Is the Gypsy King ready for trilogy fight after chaotic camp?
Tyson Fury believes Deontay Wilder is the most dangerous fighter in the heavyweight division and would beat any other rival, including Oleksandr Usyk and Anthony Joshua.
Fighting Wilder a third time - in Las Vegas on Saturday - is like messing around, "clipping wires on an atomic bomb" according to Fury.
Facing a wounded Wilder is a dangerous task, even if it is not the fight WBC champion Fury or the fans were hoping for.
The Briton's preparation, however, has been far from ideal.
The original summer fight date was scrapped when Fury contracted Covid-19 and was quickly rescheduled for October. Fury then had to rush home to the UK to be with his wife Paris when she went into labour with her sixth child with Fury, Athena, who spent several days in an intensive care unit.
To say it's been a chaotic few months for Fury is an understatement.
With all that has happened, it is not hard to see why some might have questions about Fury's readiness for this fight. And he cannot afford even a moment's lapse of concentration against the Bronze Bomber.
"Wilder's tailor-made to be his most dangerous and best opponent," said Fury's coach Sugarhill Steward - the man who masterminded the devastating performance against Wilder in the rematch 20 months ago.
So is Fury ready for an apparently rejuvenated and refocused Wilder?
Fury pokes fun at suggestions he is not prepared for Wilder, or that he is not fully fit.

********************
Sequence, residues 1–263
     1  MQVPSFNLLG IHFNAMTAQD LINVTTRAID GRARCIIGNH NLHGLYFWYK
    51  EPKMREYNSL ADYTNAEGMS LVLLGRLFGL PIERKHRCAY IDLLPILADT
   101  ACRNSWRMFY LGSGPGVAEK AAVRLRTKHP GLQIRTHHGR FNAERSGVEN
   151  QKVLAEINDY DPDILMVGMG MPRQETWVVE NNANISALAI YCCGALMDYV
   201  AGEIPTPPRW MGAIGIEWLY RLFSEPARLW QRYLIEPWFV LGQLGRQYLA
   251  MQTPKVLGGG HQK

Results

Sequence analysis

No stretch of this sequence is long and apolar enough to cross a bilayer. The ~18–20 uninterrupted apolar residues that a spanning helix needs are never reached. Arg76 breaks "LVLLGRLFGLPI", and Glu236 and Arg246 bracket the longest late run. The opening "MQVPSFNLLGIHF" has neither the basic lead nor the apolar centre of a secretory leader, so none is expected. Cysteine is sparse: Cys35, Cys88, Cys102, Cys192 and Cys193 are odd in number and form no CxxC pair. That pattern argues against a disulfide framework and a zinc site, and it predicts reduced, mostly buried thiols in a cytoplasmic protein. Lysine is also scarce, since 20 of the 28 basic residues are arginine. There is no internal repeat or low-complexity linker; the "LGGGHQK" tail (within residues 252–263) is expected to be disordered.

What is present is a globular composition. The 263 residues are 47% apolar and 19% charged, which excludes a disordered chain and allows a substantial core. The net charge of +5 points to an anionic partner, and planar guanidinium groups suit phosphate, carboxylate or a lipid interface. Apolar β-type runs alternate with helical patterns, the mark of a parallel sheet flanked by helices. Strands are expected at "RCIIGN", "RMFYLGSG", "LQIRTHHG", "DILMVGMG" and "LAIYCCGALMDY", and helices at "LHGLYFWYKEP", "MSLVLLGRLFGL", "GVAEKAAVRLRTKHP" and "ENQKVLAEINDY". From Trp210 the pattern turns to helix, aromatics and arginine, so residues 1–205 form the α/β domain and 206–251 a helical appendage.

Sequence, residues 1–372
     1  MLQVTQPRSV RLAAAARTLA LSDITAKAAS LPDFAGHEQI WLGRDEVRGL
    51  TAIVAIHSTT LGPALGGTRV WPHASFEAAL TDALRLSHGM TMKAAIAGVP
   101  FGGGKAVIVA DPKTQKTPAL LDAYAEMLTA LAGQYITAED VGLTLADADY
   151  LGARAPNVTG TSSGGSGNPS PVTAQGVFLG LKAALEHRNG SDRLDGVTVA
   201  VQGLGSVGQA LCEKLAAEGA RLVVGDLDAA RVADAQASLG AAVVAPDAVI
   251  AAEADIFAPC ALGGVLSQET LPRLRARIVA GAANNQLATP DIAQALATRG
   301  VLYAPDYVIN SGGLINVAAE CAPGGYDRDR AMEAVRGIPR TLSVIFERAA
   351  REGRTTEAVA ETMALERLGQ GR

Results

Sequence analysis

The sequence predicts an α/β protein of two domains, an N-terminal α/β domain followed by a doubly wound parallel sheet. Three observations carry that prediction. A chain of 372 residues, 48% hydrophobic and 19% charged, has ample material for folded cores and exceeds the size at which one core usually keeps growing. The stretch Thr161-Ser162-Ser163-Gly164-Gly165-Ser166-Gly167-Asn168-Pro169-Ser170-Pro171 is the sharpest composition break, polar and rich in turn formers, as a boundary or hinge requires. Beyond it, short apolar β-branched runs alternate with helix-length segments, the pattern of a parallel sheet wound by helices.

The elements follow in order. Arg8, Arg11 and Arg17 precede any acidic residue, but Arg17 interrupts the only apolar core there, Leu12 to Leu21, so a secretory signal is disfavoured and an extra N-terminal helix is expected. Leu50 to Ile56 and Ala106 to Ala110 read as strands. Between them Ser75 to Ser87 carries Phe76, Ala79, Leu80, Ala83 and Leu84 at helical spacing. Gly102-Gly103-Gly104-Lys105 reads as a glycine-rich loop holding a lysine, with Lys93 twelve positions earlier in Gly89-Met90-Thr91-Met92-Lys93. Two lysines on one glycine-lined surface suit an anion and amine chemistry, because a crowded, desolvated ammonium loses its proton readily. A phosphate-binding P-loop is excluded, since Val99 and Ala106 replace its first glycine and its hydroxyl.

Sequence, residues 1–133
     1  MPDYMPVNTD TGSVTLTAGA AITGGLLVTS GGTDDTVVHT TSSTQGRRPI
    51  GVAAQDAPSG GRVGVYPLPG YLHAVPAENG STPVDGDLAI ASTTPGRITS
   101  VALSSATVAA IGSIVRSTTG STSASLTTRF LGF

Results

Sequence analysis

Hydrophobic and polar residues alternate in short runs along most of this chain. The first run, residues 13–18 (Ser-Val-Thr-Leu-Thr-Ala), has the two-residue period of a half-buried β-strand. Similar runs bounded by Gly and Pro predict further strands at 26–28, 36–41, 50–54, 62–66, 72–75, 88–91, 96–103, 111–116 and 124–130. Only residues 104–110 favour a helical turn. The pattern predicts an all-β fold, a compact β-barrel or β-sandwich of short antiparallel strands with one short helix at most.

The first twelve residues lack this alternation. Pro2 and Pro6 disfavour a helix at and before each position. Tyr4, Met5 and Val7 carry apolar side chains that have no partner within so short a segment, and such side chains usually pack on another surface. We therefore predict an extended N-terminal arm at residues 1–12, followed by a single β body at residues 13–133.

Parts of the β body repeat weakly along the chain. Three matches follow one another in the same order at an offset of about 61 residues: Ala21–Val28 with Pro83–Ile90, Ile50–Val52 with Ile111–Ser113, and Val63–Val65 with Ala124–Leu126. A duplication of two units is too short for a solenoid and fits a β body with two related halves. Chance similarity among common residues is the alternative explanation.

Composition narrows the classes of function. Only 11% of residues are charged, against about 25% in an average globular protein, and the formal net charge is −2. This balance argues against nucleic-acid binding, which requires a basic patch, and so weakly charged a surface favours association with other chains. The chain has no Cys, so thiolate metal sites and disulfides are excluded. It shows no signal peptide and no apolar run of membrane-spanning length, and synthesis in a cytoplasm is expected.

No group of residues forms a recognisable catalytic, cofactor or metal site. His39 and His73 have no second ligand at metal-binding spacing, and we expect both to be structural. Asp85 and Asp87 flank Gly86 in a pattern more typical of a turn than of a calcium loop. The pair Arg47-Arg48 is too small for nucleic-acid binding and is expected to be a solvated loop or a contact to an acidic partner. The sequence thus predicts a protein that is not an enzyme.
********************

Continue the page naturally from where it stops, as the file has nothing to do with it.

"Am I 100%? I'm a million percent. Look at me, I'm in fantastic shape. I'm as fit as a fiddle," Fury said. "I'm ready today, tomorrow and forever. I'll always be ready and I'll never make excuses, because that's not me."
Fury had to undergo a lengthy quarantine on his return to the UK so he could be with Paris when she had baby Athena on 8 August.
The fighter released a heartfelt message when Athena had to spend time in intensive care.
"It's a stressful time, babies and complications," Fury said, but he downplayed the effect it might have on his preparations for Wilder.
"Camp is usual, I live a training camp lifestyle," he said. "I've been training myself like in the Rocky movie. Like I said, what I don't know about boxing ain't worth knowing."
Frank Warren linked up with Fury when he was at his home in Morecambe and offered a positive insight into the heavyweight's mindset after such a stressful time.
"The only concern I had was when his daughter was in trouble," Fury's co-promoter said.
"It was quite awful times. With the baby, who cares about boxing? That takes over.
"When I saw him in person he was in a tremendous place. Physically there was a problem before where he would balloon up between fights - he's fixed that problem. Mentally he's now on the money. When he's like that, he's a dangerous guy in the ring."